A friend once told me a story about arguing about abortion with someone she got a hitching lift with. They went up and down, covering all sorts of ground, that's probably familiar to most people who read this blog. The guy thought he was getting somewhere with the argument and said "I just think that birth is a really arbitrary dividing line." an she replied "I agree." Which is when they realised that they probably weren't going to get anywhere.
I thought I'd expand on my previous post on infanticide, and give the people over at Capitalism Great something to do.
The feminist work I find most powerful is almost entirely written by feminist historians. That's probably not that surprising, since history is my passion. What I love about feminist history is it allows us to see women's lives, not as something fixed and inevitable, but something that changes over time. It allows us to explore both agency and oppression.
Linda Gordon's Woman's Boday, Woman's Right: A Social History of Birth Control in America is a great example of that.
Because of the different interest of men and women in the practice of birth control, differences in birth-control techniques have social significance. Som techniques are more amenable than others to being used independently and even secretly by women; some given full control to men; others are more likely to be used cooperatively[....] For example, a list of the types of birth control might look like this: infanticide; abortion; sterilizing surgery; withdrawal by the male (coitus interruptus); melting suppositories designed to form an impenetrable coating over the cervix, diaphragms caps and other devices which are inserted into the vagina over the cervix and withdrawn after intercourse, intrauterine devices; internal medicines - potions or pills; douching and other forms of action after intercourse designed to kill or drive out the sperm; condoms; and varieties of the rhythm methods, based on calculating the woman's fertile period and abstaining from intercourse during it.When look at the history of birth control she looks at infanticide as a form of birth control like any other and explores why it is used more commonly in some times and places than others. She shows why in pre-industrial societies infanticide was often the main form of birth control. Women did leave their newborn, and doing so was a matter of survival. As she says "If infanticide is not suitable in today's societies, it is because we have found better methods of birth control, not because we are morally superiod."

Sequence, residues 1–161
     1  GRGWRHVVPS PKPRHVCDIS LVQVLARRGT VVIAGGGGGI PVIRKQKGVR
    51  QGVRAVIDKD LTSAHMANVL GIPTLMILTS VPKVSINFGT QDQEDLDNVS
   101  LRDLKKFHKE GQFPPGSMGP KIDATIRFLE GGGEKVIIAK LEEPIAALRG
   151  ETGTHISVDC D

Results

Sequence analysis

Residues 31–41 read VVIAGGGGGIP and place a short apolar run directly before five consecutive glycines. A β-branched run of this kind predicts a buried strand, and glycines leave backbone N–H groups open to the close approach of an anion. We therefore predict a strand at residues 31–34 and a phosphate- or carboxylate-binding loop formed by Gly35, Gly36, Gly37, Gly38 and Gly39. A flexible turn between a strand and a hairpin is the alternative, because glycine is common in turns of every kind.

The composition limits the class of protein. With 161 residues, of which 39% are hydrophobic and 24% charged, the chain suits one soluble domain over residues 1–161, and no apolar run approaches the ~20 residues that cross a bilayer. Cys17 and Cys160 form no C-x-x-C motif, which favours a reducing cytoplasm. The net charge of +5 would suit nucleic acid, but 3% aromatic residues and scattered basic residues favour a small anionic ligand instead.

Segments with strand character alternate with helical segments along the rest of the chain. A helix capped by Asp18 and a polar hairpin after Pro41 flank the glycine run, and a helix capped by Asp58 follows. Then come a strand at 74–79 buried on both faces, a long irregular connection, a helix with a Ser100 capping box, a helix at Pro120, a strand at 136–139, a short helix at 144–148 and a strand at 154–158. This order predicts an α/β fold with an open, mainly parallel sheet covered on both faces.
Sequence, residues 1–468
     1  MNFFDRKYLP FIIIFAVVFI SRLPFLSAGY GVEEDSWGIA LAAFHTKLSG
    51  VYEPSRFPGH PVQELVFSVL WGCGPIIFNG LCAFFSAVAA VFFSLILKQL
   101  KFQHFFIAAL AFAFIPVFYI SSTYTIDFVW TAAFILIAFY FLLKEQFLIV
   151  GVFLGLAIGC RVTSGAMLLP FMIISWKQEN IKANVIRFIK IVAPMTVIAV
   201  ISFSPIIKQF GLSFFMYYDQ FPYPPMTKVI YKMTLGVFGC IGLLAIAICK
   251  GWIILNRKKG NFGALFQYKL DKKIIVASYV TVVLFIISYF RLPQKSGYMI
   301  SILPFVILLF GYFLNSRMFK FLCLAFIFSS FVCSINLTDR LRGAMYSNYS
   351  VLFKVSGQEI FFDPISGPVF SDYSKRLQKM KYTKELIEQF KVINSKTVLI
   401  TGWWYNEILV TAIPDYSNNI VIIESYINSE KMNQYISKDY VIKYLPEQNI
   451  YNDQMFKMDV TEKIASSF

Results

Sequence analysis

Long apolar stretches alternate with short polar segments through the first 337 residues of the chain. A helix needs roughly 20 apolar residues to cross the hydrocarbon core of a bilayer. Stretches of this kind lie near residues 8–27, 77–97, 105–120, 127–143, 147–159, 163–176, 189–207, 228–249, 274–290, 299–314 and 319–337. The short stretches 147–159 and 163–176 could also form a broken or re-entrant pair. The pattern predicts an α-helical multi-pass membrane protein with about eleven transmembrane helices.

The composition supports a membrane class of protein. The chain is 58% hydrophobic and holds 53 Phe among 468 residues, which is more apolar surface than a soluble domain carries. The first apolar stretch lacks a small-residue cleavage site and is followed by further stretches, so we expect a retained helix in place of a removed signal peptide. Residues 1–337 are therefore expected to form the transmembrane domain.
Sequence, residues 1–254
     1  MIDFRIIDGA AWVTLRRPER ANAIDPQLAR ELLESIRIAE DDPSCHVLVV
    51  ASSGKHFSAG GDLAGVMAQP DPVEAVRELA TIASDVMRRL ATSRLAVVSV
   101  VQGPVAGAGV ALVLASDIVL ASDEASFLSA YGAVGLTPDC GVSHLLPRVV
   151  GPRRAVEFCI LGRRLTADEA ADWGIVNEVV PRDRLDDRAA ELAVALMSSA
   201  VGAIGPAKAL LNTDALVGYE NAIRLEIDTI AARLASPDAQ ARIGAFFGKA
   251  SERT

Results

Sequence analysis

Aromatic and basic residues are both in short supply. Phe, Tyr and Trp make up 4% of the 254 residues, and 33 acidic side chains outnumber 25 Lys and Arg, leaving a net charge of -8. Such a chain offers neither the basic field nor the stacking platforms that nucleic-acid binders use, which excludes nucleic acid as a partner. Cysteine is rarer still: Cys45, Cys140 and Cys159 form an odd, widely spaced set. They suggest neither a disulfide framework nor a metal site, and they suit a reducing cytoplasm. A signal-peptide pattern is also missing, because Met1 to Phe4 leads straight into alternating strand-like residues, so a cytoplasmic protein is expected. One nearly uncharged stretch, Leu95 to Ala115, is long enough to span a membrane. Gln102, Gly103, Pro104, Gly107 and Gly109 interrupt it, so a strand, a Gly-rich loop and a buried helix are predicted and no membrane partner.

I see why women in different times and places used infanticide as a form of birth-control. I don't think it was because they were morally deficient, or because they cared about children any less.
I think it would be a hideous form of birth-control, because you would still have to go through the stress and danger of nine months of pregnancy. Infanticide was also often controlled by men - and regulated according to the economic needs of society. I'm angry for all the women who had to leave their girl babies to die. I'm so glad that I have more choices open to me, and I know that the reason I do is because previous generations women have organised so that I actually have choices when it comes to getting pregnant.
But if a woman feels like she has no other choice but to wrap her baby up in a rubbish bag, I'm still on her side and will not judge her. I think the mother is more important than a new-born baby.
That's not to say it's a good thing - of course I don't. I don't think a woman should ever feel like her only choice is to abandon the baby in a place where it has no hope of survival. I think ensuring every woman has other options is far more important, far more useful, than pointing the finger, and pressing charges against any woman.
I'll leave you with the story of another woman who was charged with killing her baby:
Fifteen-year-old Mary Turlot, for instance, working as a domestic for a well-to-do farm family in Warren County, New York, became pregnant by the son; her pregnancy discovered, she was discharged.